The original hangers were terminated in metal sockets filled with white metal. However, there was no hole in the socket for drainage which led to some speculative concern about the condition of some of the wires making up the hanger. In addition, just before the Royal Opening a “man with a file” was sent around to tidy up the white metal protruding from the tops of the sockets. Unfortunately he also broke through the anti-corrosion coating in several places and a number of the outside peripheral wires failed. This posed the question about the condition of the inner wires. Ultimately all the hangers were replaced, although mainly for reasons concerned with the bridge loading.
G, J & K. Steel Box Deck
The top of the steel box girder deck, over which the traffic drives, is 12mm plate stiffened by steel troughs welded to the underside. Repeated loads from the wheels of heavy goods vehicles had tended to cause local weld damage and it was decided to grind out and replace the welds immediately under the wheel tracks. The original fillet welds were replaced with a partial penetration weld requiring three passes. Changing just this one weld detail required 48 miles of welding (3 passes/weld, 2 welds/wheel track, 2 wheel tracks/carriageway, 2 carriageways, length of crossing 2 miles).
New under-deck travelling maintenance gantries were provided for inspection and painting. Also, new manholes were installed in the deck boxes to assist access for the strengthening work and for future inspection and maintenance. When the bridge was originally built, it was intended that the box girder deck would be sealed and kept dry with silica gel. For this reason the original access manholes were very small. Hence it is rumoured that a one-time Chief Highway Engineer of generous proportions was unable to visit the inside of the bridge deck.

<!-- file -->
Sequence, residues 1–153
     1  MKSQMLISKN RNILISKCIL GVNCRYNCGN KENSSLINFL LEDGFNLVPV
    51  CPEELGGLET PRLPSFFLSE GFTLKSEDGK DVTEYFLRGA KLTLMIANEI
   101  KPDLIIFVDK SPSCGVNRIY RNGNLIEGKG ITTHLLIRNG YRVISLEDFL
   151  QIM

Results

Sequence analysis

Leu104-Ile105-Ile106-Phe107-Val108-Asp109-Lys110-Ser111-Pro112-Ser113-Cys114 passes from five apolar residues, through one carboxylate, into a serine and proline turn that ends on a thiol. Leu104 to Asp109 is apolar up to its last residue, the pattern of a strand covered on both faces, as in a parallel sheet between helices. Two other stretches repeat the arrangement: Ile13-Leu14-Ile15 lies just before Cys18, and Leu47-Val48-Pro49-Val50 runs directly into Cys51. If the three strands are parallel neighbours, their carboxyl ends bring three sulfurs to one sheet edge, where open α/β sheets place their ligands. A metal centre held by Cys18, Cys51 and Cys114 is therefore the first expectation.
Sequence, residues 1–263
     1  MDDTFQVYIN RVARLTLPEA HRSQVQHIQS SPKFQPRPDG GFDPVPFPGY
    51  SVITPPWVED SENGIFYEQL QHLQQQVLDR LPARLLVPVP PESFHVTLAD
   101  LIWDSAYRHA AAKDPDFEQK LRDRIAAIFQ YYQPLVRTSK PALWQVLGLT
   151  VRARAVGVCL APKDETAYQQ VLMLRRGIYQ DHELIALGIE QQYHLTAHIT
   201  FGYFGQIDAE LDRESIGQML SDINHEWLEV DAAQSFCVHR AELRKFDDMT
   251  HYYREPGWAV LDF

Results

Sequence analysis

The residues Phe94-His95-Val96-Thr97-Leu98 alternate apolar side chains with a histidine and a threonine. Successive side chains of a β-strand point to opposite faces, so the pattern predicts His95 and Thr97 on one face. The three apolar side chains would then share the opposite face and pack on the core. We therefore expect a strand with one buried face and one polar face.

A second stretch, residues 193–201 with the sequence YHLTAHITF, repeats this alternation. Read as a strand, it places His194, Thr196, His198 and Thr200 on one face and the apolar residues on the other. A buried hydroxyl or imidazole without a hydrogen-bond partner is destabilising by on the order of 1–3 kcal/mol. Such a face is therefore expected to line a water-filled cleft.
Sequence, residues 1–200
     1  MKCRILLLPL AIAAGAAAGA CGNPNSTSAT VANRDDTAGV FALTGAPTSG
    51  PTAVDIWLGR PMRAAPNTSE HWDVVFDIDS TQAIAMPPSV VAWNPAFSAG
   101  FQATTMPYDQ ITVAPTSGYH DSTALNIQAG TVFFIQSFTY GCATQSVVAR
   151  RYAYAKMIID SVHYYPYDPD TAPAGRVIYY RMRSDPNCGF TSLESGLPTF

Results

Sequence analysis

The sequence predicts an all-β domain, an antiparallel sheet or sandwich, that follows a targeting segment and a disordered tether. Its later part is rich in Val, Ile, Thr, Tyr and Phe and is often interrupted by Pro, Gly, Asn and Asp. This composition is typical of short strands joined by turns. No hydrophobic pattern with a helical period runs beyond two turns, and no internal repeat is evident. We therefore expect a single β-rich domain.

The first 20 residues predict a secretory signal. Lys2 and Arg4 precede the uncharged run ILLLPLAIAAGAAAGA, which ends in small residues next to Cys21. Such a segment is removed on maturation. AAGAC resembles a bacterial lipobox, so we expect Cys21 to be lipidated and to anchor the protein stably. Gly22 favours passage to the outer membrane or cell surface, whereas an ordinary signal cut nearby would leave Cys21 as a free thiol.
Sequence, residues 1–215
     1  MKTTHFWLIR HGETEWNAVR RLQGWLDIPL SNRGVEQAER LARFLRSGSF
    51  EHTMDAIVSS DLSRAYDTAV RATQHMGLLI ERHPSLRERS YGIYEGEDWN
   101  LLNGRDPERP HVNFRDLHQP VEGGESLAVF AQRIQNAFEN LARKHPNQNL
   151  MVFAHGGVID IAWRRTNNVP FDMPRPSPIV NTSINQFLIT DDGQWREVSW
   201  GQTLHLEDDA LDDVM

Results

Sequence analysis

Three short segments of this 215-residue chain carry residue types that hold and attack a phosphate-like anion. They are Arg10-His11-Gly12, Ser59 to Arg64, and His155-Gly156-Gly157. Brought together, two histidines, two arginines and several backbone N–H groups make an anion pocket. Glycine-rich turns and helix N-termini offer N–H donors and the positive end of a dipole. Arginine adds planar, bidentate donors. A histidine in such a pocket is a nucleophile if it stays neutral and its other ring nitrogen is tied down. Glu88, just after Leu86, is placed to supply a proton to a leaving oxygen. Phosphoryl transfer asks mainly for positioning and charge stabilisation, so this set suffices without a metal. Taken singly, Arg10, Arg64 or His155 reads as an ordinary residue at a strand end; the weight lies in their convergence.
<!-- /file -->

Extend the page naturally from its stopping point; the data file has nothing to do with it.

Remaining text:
Prior to strengthening, there was only a thin layer of asphalt surfacing on the steel deck units. A thicker layer was desirable but had to be rejected because of the effect of the extra weight on the cables.
H. Deck Bearings
Lateral bearings resist sideways forces. Rocker bearings resist vertical forces at the towers to keep the deck boxes at the correct level.
It was discovered at an early stage that the two rocker bearings at each of the towers had been designed to carry half the maximum reaction from a fully loaded deck. However, when the deck was eccentrically loaded, one of the rockers went into tension and the other carried a greater load than it had been designed for. All were replaced.
New buffers were provided to transfer longitudinal force if deck movement becomes excessive.
I. New Air and Water Mains
To help with future maintenance, a compressed air main and a water main were installed over the full length of the crossing. The water main is also available to be used to fight any substantial fire on the bridge.
Other Work on Severn Bridge
Movements of the deck due to thermal expansion and loading are catered for by “Demag” expansion joints in the carriageway at each tower. Increases in the required longitudinal expansion and contraction temperature allowances had to be catered for. Also it had not been recognised that the joint would need to cope with extreme racking movements due to the side sway of the main span from increased high wind design speeds. For these reasons, the joints had to be modified significantly.
It was also discovered that the large chambers in the concrete anchorages, where the individual strands of the main cable were splayed out and anchored separately, had a damp atmosphere and that the wires were beginning to show early signs of corrosion. The decision was that the chambers had to be de-humidified.